Galleon may be long Palm because the firm’s managers think Palm is buyout bait. We believe the most likely suitors for Palm include Microsoft, Dell, and Hewlett Packard. We think a Dell-Palm deal would be one way for Michael Dell to announce to the world that it is serious in bringing innovation back to Texas (having recently given the boot to CEO Kevin Rollins) and that it has product expansion on its mind. Coupling the fact that over 130M people use Microsoft Exchange with the fact that Palm controls barely a fraction of this market substantiates the bull case for Palm. We believe Palm will have to team up with one of these larger forces (and leverage its vast sales army) if it aims to penetrate the lucrative enterprise market. An acquirer could offer Palm a better distribution network as well as help reduce Palm’s general/administrative costs. With a communications/consumer electronics giant pushing Palm’s raft, in other words, Palm may have a better chance at offering targeted, bundled solutions to the more profitable business market.
Trading Strategy: Give It a Quarter or Two, Then Kiss It Goodbye
For our less risk-averse subscribers, our AlphaFuel™ optimizer (which simultaneously screens over a thousand option trades, SEC filings, and explosive chart breakouts daily) recommends going long the out-of-the-money Mar $17.50 calls and sitting tight for at least 3 weeks. With a potential short squeeze on the periphery, an upward move in Palm shares could be accelerated. The market has already demonstrated that the $15 price level can be breached and a pop above $16-$17 would register a breakout from a sideways seven month channel glut.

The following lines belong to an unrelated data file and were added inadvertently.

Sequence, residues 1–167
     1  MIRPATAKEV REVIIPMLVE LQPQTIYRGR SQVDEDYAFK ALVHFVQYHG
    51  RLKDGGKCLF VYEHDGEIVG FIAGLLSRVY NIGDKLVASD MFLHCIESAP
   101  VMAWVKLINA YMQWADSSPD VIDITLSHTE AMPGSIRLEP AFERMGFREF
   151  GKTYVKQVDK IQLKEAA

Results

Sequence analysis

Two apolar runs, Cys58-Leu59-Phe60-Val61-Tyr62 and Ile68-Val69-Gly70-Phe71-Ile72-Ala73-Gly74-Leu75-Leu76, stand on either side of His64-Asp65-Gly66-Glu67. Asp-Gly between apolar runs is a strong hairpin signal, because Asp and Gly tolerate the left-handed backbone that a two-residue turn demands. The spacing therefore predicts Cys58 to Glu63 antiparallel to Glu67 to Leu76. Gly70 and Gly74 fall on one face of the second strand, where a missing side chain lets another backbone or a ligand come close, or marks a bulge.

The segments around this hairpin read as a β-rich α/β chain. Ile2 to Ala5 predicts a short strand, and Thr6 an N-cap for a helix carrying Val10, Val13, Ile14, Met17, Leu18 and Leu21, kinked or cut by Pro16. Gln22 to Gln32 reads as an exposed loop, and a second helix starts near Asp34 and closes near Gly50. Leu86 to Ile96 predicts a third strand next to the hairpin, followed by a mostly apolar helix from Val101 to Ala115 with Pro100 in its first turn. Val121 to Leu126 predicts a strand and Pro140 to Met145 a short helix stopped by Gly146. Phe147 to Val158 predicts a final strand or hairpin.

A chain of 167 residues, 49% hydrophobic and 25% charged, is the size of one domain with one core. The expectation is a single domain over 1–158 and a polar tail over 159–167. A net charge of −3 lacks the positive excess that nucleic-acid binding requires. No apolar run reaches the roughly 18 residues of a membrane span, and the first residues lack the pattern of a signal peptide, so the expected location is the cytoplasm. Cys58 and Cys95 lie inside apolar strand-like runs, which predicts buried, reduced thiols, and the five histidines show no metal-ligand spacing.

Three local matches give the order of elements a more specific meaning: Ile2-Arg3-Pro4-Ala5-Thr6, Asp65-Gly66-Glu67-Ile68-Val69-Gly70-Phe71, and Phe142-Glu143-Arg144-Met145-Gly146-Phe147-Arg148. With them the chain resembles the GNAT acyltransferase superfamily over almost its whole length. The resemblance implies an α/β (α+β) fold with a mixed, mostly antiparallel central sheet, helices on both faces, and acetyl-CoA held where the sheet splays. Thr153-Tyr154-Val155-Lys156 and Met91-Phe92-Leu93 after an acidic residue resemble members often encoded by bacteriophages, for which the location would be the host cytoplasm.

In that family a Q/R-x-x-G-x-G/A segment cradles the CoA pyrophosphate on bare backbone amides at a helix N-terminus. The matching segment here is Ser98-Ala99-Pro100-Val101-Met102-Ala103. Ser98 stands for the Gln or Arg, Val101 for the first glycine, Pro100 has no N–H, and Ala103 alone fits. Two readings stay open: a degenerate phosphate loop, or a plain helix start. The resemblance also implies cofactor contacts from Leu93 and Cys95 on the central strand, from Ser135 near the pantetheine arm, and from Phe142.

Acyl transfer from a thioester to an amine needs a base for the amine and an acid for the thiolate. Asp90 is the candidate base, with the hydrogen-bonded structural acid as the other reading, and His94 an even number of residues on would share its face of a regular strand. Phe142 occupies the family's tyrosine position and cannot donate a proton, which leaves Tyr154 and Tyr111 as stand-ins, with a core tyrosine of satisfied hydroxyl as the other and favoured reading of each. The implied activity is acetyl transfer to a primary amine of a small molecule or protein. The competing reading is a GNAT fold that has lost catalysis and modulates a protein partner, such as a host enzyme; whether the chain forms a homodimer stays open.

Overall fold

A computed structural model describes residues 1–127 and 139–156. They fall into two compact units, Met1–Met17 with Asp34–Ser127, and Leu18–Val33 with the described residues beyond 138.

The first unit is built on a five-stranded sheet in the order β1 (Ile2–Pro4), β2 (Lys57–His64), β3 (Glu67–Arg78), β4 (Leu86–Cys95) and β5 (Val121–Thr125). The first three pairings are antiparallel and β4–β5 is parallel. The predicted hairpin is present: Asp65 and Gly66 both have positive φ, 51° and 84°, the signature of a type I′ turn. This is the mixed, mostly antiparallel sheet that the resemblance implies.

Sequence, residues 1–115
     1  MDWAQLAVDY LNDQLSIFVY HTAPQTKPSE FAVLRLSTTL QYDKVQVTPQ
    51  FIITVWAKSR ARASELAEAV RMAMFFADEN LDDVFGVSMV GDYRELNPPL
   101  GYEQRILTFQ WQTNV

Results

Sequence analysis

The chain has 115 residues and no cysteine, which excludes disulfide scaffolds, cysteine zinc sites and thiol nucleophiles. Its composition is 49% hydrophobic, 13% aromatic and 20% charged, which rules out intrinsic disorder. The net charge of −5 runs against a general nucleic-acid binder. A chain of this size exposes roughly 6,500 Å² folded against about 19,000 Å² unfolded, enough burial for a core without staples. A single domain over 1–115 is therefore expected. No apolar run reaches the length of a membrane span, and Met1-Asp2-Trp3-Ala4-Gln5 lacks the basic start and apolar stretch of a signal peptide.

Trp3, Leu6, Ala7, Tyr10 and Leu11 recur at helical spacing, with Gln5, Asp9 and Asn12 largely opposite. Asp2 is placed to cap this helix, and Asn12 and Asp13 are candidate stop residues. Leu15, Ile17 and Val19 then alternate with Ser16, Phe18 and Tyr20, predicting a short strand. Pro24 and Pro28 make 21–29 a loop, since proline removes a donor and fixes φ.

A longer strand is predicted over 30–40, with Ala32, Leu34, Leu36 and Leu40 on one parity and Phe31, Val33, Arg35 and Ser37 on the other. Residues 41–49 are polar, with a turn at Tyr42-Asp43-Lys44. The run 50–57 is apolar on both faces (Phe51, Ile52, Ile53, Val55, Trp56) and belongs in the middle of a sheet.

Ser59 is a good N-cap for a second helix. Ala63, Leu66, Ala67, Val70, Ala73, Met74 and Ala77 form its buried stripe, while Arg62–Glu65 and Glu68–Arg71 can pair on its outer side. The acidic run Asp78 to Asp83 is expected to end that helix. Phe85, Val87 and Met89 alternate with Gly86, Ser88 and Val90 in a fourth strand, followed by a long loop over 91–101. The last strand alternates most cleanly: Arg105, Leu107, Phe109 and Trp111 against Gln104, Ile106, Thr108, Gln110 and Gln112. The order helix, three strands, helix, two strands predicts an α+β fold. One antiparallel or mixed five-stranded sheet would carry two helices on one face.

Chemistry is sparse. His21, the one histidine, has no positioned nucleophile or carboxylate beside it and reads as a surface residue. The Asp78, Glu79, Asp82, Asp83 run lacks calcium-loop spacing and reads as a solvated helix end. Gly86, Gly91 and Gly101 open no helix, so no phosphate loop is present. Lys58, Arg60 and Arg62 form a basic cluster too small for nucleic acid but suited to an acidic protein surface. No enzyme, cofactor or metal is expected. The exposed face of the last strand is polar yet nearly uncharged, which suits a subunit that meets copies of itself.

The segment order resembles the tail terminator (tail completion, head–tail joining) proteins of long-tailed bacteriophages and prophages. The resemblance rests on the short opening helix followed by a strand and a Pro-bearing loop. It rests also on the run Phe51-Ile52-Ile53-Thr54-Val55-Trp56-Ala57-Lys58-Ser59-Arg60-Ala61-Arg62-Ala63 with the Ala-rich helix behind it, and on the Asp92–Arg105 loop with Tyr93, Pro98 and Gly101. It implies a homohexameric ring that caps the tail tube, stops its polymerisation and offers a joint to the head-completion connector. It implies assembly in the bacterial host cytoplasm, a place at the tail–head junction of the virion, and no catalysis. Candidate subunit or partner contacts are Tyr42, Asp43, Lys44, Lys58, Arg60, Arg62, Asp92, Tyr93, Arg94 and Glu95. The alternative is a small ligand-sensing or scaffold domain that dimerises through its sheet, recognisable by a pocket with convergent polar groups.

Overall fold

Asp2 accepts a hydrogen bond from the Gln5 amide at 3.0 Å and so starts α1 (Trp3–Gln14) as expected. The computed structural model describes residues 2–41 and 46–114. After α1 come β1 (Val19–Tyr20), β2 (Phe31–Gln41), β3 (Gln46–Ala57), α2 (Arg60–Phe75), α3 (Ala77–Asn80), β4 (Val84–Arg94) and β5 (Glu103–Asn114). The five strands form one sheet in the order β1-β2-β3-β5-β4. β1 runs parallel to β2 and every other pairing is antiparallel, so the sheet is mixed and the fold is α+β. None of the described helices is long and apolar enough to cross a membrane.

Conclusion: Palm is Far From Being Knocked Out of the Game
Palm has fallen on hard times, but one aggressive NYC hedge fund is showing us with its wallet that it thinks the stock is poised for price recovery, and possibly a buyout. We believe a combination of short covering, acquisition rumor, and renewed product interest (due to the long-awaited Treo750 launch) will send shares of Palm drastically higher over the next quarter. We like the Mar 17.50 calls as a short-term trade on Palm’s comeback and would easily swallow the common on any pullback south of $15.
Disclosure: Author holds a long position in PALM calls.